Overview of the Arms Trade Treaty regulatory implementation package
Canada will become a State Party to the UN Arms Trade Treaty (ATT) on September 17, 2019. As per Canada’s practice for all international treaties, Canada will be fully compliant with all its obligations upon accession to the ATT.
To ensure full compliance with the ATT, the Government of Canada therefore introduced Bill C-47, which amends the Export and Import Permits Act (EIPA) to establish controls on brokering of military items and to incorporate directly into Canadian law the assessment criteria laid out in the ATT, along with other amendments to further strengthen Canada’s export controls. Bill C-47 received Royal Assent on December 13, 2018.
Global Affairs Canada (GAC) subsequently consulted Canadians on the accompanying regulatory framework and then drafted a package of six regulations to fully implement Canada’s obligations under the ATT. These regulations were pre-published in the Canada Gazette, Part I, for 30 days from March 16 to April 15, 2019. Global Affairs Canada carefully reviewed all submissions received during this public consultation period and amended the regulations accordingly.
Below is a summary of the changes that will be made to Canada’s export controls program once Bill C-47 and its related regulations enter into force on September 1, 2019.
Legislation: Bill C-47
Bill C-47 amends the EIPA to establish controls over brokering by:
- (1) defining brokering;
- (2) amending the Criminal Code to make brokering without a permit a criminal offence; and
- (3) giving the Government of Canada the authority to establish a Brokering Control List, Brokering Permit Regulations, and other regulations related to brokering.
Definition of “broker”
The amended EIPA defines “brokering” as “arranging or negotiating a transaction that relates to the movement of goods or technology included in a Brokering Control List from a foreign country to another foreign country.” Here are a few interpretive notes on that definition:
- A foreign country means a country other than Canada. Transactions that relate to items being imported to or exported from Canada would not be considered brokering.
- A “transaction that relates to the movement of goods or technology” includes a transaction related to the acquisition or disposition of these goods or technology.
- The definition of brokering does not include the provision of strictly administrative or support services (for example, booking of rooms, transportation, or marketing).
The amended legislation will prohibit unauthorized brokering by any legal or natural person or organization in Canada. Canada’s brokering controls will also apply abroad for:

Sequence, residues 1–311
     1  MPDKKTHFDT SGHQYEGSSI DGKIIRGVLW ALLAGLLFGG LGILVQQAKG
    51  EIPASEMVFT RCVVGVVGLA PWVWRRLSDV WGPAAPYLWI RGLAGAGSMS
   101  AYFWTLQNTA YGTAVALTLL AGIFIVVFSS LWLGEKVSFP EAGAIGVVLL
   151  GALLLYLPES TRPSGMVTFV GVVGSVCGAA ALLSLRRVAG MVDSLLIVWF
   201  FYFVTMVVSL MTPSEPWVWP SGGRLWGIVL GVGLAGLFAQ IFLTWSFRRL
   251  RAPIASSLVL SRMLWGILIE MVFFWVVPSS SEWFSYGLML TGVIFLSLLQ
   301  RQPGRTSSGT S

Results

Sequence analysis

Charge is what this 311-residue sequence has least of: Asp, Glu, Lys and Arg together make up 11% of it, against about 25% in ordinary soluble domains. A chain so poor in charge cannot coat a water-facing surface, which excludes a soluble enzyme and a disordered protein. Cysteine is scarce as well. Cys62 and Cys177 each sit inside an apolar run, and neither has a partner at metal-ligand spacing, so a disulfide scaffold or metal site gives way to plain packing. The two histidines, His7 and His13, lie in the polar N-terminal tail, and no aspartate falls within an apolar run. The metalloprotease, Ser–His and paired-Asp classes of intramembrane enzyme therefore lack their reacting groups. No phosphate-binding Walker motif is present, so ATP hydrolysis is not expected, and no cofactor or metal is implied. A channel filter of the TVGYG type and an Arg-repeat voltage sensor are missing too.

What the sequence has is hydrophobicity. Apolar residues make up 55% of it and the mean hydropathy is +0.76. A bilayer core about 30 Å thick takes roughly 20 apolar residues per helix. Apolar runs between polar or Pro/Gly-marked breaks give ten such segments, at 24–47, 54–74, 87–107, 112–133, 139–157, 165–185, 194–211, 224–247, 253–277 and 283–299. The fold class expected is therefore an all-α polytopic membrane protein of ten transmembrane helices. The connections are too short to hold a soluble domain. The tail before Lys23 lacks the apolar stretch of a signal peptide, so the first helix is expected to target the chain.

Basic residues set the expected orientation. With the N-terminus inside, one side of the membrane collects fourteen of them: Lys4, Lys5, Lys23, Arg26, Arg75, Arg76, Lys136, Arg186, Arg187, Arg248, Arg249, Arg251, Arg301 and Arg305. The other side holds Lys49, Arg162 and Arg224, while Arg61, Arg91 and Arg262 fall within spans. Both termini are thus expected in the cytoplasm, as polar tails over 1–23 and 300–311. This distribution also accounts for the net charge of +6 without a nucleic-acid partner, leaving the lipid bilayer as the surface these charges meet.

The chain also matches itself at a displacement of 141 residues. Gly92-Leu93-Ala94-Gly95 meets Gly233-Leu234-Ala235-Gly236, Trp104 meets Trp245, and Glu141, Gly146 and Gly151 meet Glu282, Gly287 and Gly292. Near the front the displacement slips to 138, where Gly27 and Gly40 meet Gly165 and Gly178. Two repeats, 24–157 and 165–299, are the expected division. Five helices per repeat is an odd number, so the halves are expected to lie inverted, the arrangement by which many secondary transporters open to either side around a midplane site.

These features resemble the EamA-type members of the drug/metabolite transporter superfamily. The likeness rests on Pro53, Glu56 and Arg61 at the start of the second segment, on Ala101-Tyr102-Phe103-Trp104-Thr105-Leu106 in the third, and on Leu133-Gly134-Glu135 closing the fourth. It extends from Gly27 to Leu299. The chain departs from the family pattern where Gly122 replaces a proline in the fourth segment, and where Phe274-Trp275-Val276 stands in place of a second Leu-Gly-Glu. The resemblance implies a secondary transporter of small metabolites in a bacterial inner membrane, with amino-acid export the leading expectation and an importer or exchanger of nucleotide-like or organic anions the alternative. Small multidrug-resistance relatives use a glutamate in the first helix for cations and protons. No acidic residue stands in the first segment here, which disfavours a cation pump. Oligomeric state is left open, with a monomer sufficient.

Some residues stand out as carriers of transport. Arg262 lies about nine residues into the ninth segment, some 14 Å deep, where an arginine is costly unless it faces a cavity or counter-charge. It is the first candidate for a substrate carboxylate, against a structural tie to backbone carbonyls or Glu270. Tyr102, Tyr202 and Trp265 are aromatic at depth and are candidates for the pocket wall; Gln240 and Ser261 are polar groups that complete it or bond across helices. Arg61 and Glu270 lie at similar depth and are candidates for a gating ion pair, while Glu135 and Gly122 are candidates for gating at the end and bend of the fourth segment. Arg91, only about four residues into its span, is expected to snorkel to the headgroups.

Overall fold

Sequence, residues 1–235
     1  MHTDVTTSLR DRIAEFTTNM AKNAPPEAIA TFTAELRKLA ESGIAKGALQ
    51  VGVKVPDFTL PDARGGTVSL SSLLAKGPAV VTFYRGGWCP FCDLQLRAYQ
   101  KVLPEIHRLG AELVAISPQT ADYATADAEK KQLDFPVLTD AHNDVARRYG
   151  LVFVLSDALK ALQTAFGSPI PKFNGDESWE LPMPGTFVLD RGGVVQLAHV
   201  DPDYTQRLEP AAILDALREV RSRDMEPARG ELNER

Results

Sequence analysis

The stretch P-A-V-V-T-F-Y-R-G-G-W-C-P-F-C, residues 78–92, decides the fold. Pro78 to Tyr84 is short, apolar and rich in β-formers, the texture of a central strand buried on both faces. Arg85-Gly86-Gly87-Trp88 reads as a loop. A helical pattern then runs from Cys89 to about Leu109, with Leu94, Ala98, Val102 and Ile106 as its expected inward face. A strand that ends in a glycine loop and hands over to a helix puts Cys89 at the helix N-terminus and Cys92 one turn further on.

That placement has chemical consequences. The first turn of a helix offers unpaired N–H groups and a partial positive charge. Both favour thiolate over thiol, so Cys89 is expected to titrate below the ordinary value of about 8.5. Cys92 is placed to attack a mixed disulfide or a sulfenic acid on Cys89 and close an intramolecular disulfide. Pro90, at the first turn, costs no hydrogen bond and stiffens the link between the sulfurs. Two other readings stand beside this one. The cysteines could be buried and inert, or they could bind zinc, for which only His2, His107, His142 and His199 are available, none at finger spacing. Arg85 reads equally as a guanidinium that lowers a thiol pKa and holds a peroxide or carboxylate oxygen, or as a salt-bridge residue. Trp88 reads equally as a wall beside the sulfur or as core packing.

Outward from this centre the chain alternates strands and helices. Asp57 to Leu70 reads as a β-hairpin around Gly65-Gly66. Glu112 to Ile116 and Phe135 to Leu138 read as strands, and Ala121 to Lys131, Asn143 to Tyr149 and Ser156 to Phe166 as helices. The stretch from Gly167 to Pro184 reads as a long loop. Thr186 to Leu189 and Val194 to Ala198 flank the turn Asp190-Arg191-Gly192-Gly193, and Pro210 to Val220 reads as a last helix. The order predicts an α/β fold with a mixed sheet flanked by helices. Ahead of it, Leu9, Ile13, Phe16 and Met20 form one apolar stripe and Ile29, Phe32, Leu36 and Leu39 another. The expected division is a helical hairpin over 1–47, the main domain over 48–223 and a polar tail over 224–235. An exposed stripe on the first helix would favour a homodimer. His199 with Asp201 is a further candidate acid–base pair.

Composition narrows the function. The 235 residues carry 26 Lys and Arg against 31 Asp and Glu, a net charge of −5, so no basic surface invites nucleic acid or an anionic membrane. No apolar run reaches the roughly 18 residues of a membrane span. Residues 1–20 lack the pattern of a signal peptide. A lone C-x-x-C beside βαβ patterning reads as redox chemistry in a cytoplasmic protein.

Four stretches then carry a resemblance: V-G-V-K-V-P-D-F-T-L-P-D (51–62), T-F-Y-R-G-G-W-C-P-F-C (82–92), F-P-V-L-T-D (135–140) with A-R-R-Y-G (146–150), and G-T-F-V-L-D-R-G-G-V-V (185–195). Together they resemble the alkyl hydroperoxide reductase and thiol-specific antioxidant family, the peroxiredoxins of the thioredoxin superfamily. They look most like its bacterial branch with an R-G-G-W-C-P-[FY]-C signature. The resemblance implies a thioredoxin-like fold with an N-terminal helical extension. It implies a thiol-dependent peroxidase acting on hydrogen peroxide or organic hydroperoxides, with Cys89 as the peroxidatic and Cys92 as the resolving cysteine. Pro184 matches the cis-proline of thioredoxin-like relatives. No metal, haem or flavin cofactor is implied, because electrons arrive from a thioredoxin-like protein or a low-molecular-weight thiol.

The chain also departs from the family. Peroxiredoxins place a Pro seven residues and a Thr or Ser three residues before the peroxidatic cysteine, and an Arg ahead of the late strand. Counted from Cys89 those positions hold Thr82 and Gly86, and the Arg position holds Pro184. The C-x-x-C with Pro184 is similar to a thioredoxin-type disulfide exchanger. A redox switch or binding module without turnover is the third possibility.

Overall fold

- (a) Canadian citizens,
- (b) Permanent residents, or
- (c) Organizations as defined in section 2 of the Criminal Code that are incorporated, formed or otherwise organized under the laws of Canada or a province.
This means that Canada is making unauthorized brokering a criminal offence and that brokering obligations apply extraterritorially as well as domestically.
Bill C-47 authorizes the Government of Canada to make regulations to control brokering. Four regulations will create the framework for controlling brokering.
- Brokering Control List (BCL):This regulation lists all items for which a brokering permit is required. It will include all items listed in Group 2 (Munitions List) and Group 9 (ATT items) of the Export Control List (ECL), as well as any other ECL item—including dual-use items—that is likely to be used to produce or develop a weapon of mass destruction. The scope of the proposed BCL is comparable to and informed by the existing brokering controls of Canada’s allies.
- Brokering Permit Regulations (BPR): This regulation sets out the information that an applicant (meaning a person or organization) must submit in their application for an individual brokering permit. This includes the applicant’s name and contact details; information about the seller, buyer and any other agents or brokers involved; and information on the goods to be brokered, including on their proposed end use. Applicants for brokering permits will be able to use Export Controls On-Line (EXCOL), the same dedicated website used for export permits.
- Regulations Specifying Activities that Do Not Constitute Brokering (“Exclusions”): This regulation specifies activities that, while technically falling under the EIPA’s definition of “brokering,” will be excluded from the new controls. Two exclusions are proposed:
- (1) transfers between affiliates of a corporation, and,
- (2) Canadians who are directed by their non-Canadian employer to undertake brokering activities, so long as they do not control the employer. The first exclusion ensures that transnational operations within a company can continue without impediment, while the second exclusion ensures that individual Canadians are not placed at a disadvantage in the global labour marketplace. However, these exclusions do not apply to the movement of full-systems conventional weapons, as laid out in Group 9 of the Export Control List (see the Order Amending the Export Control List below).